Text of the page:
Uruguay's first election after 11 years of military rule is seen as a vote for moderation. The man Uruguayans elected Sunday as president - Julio Sanguinetti of the centrist Colorado Party - projected himself throughout the campaign as a seasoned politician and a cautious reformer.
He is widely viewed as the principal politician responsible for ensuring the military's acceptance of democracy.
A few months ago Uruguay's military President, Gen. Gregorio Alvarez, gave few signs that the armed forces would give up power. The government clamped down on press freedoms, broke up demonstrations, and imprisoned several political leaders.
But in August Mr. Sanguinetti managed to get military approval for a staggered - as opposed to an immediate - transfer of power. The ''pacto del club naval'' guaranteed the military's neutrality in the Nov. 25 election on the condition that senior officers would retain a limited role in the government as members of an advisory national-security council. Two key politicians still were barred from running for office, but the military agreed to make way for civilian rule.
Sanguinetti negotiating skills will be tested again after his scheduled March 1 inauguration. He won the largest share of votes, but it was only 38.8 percent of ballots cast. Therefore he will find it difficult to govern unless he takes into account opinions of the other major parties, the Blancos and the Broad Front, which took political positions to the left of his Colorados in the campaign. He must also also deal delicately with the military, which remains strong and will be watching him closely.
The incoming government's room for maneuver will also be limited by the difficult economic situation that it will inherit from the military regime. Uruguay's foreign debt of $4.6 billion, although small by Latin American standards, is one of the highest per capita in South America. Real salaries have fallen by 50 percent since 1973 while unemployment and inflation have risen to historic highs of 16 percent and 70 percent respectively.
Sanguinetti is well aware that he must work with his electoral opponents.
''This country is not going to affirm democracy if we do not have five years of a collective effort,'' Sanguinetti said Monday after his election victory. ''Nobody has a mathematical method to prevent a new coup; the only way is to act maturely.''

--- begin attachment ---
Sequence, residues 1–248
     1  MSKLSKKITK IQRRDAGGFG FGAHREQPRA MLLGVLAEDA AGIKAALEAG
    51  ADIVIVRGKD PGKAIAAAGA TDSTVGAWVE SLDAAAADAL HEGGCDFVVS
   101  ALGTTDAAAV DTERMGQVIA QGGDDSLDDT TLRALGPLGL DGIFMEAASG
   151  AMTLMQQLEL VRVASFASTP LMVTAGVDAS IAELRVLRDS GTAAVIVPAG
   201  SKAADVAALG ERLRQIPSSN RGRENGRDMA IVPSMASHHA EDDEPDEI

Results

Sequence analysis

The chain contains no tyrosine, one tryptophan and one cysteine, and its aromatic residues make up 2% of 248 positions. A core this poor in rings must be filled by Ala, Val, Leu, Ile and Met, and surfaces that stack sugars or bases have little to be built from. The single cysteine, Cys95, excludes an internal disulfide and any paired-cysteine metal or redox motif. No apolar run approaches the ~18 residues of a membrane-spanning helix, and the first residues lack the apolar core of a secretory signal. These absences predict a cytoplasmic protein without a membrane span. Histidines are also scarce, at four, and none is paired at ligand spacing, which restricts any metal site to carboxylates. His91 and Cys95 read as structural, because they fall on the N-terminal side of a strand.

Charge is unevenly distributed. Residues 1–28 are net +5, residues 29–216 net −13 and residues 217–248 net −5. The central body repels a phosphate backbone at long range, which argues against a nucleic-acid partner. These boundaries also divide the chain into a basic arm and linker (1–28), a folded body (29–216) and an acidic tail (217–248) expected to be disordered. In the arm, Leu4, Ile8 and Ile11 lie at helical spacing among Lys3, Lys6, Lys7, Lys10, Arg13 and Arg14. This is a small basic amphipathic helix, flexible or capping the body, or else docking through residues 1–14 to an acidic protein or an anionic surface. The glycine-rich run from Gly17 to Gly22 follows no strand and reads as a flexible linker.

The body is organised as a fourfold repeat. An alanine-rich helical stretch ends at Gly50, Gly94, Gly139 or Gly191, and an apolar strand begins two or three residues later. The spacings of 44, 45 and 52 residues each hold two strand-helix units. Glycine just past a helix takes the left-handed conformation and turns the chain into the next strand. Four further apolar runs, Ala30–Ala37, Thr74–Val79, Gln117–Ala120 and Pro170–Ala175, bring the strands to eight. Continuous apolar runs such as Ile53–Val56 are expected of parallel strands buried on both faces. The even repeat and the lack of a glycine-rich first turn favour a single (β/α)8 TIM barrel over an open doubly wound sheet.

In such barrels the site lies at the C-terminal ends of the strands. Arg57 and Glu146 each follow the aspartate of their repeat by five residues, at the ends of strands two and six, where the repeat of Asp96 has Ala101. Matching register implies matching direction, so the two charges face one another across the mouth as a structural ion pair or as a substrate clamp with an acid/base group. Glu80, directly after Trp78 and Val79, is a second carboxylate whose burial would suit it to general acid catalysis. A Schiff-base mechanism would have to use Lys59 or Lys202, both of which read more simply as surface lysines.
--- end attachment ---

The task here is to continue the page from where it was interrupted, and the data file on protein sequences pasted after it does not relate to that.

Throughout his campaign, Sanguinetti steered clear of inflamatory, antimiltarist rhetoric and promised only modest changes in the outgoing government's economic program. He has always projected himself as the main architect of the ''historic compromise.'' He insisted that only a modus vivendi with the military would ensure the stability of the future democratic institutions.
These positions are in striking contrast to the campaigns of the center-left Blanco Party and the left-wing Broad Front. The communists in the Broad Front had conspicuously put away the red flags and revolutionary slogans that had scared off voters in the last Uruguayan election, in 1971, but Sunday's vote results showed the large middle class remained alienated from it.
In fact, the middle class rejected both the Front and the Blancos' calls for sweeping curbs on the local banking sector and for agrarian reform.
Only a few weeks ago the Blancos were claiming to be the favorites to win the election. But they were weakened by the imprisonment of their leader, Wilson Ferreira Aldunate. Wilson, as he known in Uruguay, saw his stature grow into mythical proportions during exile because of his attacks on the regime. The tension and euphoria that surrounded his return in June were catalysts for the military's liberalization.
But the Blancos' poor showing in Sunday's election - with 33 percent of the votes - seemed to confirm the view long held by his opponents once Wilson returned home, much of his support would evaporate. The leftist Broad Front received 20.8 percent of the vote.
Although victorious in the presidential race, the Colorados have failed to win a commanding majority either in the senate or the lower house. This same pattern has been seen in earlier elections, and it, too, will make Sanguinetti's governing duties more difficult.
''Unless he works out a workable consensus he won't last more than a few months,'' guesses one diplomat.
He will have to deal with Wilson, whose release from prison is expected in the next few days. And he will have to deal with the Broad Front, whose ace in the whole is its control of the trade-union movement.
Sanguinetti, who local observers say commands the respect of foreign governments, also has touchy negotiations ahead with foreign powers. He has appealed to the United States and the European Community to lower trade barriers against its wool exports. He has also asked bankers for a two- to three-year grace period for some of the debt that falls due next year. He has said his country's economic recovery depends to a large extent on factors beyond his control.